How Susan Orlean Built A Posse of 260,000+ Twitter Followers

Posted By on August 21, 2013

When writer and social media rock star Susan Orlean was in town for the Seattle Arts & Lectures series, we had a candid conversation about how she built a following of, at last count, 263,200 people. The single most important reason–she loves Twitter! Her knack for connecting with people also strengthens her author platform and helps sell books. You can listen to our conversation one question at a time or read the transcript.

Susan Orlean portrait

Susan Orlean, an early adopter in the social media realm, makes a strong argument for Twitter as a writer’s tool. Photo Copyright 2013 Cynthia Hartwig

Cynthia Hartwig (CH): What do you think social media has done for you and what can it do for others?

Susan Orlean (SO): I think the single most valuable thing is that it reminds you all the time that writing is about communicating.

You’re not writing in a vacuum. You’re not writing for yourself. You’re writing as a conversation.

Certainly, you’re the loudest voice in the conversation but I think for a writer being always aware of the engagement with the audience is always to your benefit. It makes you think how you’re shaping the work. How you’re connecting with the reader. Even if it’s mostly hypothetical.

CH: What is it about Twitter that you like?

SO: Being on Twitter and being engaged in it is almost a daily reminder of the power of the interaction and even just as you shape your 140 characters, how deliberate decisions about words, about diction, about details, and tone of voice make a huge difference even in those tiny, tiny snippets.

CH: You were an early pioneer of using social media to build you platform as a writer. Take us through how you started and earned about social media.

SO: I had a young assistant who said way back when in the early days of Twitter… back about five years ago [who said] “You should be on Twitter.” I said,”What’s Twitter?” Of course it was a complete mystery and her explanation of it was very puzzling to me.

I kept thinking I didn’t get it. Why would I want to be on this and what would I write about? At the time I was living in the Hudson Valley NY on a farm working on my book. Besides my family it was a pretty isolated place to work. Frankly that’s the perfect way to start understanding social media with the emphasis on “social.”

I would in the course of the day just basically chat to this faceless group of Twitter followers, which was very small initially, about my day. About cooking. About a problem I was having on my story. About my goal of writing a certain amount that day. Then I would take a break.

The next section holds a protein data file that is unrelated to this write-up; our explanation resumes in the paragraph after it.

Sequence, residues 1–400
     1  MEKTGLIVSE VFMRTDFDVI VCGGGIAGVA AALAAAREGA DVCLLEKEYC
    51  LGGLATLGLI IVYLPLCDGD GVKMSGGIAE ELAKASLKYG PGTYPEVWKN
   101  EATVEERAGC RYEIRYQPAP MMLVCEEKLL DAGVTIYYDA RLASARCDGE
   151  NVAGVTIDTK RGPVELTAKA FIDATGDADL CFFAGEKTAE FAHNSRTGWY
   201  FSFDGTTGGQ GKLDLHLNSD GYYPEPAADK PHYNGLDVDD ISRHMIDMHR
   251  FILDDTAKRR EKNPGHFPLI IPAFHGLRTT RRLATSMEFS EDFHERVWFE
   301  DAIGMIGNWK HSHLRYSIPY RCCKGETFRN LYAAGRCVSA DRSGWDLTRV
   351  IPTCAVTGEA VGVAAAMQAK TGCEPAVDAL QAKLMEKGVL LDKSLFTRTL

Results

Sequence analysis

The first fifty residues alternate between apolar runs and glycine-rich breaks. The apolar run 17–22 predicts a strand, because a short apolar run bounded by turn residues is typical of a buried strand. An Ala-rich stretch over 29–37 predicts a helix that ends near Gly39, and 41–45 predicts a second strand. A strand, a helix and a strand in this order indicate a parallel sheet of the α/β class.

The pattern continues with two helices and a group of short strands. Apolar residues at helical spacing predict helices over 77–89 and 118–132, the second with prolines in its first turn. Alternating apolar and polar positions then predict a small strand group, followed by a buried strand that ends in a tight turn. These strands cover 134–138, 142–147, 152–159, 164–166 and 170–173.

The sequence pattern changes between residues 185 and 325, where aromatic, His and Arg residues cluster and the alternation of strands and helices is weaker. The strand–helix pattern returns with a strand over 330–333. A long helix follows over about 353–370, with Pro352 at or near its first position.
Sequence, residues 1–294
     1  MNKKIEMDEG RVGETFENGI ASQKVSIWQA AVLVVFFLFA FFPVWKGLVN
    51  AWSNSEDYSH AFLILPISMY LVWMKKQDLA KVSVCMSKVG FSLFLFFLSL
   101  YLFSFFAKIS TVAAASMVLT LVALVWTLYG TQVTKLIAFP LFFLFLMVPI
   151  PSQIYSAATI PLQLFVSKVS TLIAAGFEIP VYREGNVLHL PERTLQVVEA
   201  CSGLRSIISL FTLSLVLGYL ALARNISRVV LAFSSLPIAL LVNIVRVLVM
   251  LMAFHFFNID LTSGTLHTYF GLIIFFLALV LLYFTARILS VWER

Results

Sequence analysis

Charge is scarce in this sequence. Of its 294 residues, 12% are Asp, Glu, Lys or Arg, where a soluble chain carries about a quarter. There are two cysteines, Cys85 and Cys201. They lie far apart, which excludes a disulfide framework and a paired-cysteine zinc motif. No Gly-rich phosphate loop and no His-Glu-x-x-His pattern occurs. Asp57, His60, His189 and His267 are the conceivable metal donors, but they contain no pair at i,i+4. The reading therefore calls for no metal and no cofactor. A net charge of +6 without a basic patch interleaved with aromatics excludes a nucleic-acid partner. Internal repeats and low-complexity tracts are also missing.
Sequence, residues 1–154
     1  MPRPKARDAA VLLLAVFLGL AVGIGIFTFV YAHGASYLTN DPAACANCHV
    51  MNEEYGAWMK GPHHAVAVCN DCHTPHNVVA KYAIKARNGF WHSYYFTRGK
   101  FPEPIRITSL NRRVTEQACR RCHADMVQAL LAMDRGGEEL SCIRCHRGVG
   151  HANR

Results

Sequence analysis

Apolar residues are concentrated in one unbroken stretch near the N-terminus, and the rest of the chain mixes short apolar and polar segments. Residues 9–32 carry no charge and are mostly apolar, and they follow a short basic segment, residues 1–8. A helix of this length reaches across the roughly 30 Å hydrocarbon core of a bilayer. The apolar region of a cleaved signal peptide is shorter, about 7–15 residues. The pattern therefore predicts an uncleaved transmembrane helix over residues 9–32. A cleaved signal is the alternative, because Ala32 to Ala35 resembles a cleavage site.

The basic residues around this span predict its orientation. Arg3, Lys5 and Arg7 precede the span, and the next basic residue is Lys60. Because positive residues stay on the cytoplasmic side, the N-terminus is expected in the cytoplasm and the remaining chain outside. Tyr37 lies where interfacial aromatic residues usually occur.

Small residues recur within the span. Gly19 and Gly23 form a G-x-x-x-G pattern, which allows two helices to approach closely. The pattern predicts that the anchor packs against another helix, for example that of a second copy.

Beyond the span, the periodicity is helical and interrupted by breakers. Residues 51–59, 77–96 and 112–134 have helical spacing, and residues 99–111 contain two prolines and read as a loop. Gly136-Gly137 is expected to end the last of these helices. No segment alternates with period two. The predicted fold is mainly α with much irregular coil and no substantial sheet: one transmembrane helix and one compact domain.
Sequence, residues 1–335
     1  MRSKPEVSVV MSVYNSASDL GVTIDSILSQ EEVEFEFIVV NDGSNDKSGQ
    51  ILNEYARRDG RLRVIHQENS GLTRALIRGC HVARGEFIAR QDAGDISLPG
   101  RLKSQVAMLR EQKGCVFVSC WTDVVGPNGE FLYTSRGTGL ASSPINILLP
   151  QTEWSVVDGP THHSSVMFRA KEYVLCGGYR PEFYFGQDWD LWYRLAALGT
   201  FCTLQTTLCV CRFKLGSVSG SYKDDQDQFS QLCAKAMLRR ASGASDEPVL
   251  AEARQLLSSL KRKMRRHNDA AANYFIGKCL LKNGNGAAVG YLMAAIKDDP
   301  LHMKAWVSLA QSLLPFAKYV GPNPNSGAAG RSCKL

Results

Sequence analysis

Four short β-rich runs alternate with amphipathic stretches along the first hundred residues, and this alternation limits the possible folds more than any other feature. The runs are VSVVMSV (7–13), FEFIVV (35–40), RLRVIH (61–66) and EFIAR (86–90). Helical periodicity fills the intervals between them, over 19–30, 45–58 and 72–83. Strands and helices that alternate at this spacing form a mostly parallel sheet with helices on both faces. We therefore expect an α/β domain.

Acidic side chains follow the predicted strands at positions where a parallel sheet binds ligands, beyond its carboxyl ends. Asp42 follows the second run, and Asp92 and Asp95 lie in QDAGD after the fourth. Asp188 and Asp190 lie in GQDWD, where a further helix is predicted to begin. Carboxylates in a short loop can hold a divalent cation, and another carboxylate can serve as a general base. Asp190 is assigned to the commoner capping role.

I would sometimes comment on my garden or my chickens or whatever was going on in my life. I didn’t do it imagining that there were a lot of people listening but it was the kind of ambient social conversation that really we all crave and I certainly I do.

I was in a situation where I wasn’t finding that in my normal life. I wasn’t working in an office. I was working on 50 acres and there wasn’t a neighbor near by. My big high light of the day besides my husband and my so, was the UPS man. That’s a perfect environment in which you can understand the value of social media.

CH: Have you learned anything that you’d like to pass along about your Twitter following?

SO: I would not be surprised if a huge number of people on Twitter work alone. It’s the era we work in where office culture is giving away to freelance culture. It’s why places like Starbucks have thrived because people want to go somewhere where they’ll be around other people. And Twitter is essentially that same place.

CH: Do you think any writer can do what you’ve done on social media? Is it too late?

SO: First of all, I think you have to enjoy it. Not every writer enjoys hanging out at the water cooler, which is what it is. I think it’s a myth to think that you must be on social media. If you’re a writer, there are plenty of people for whom this is not natural. They don’t like. it they don’t enjoy it. I think they shouldn’t.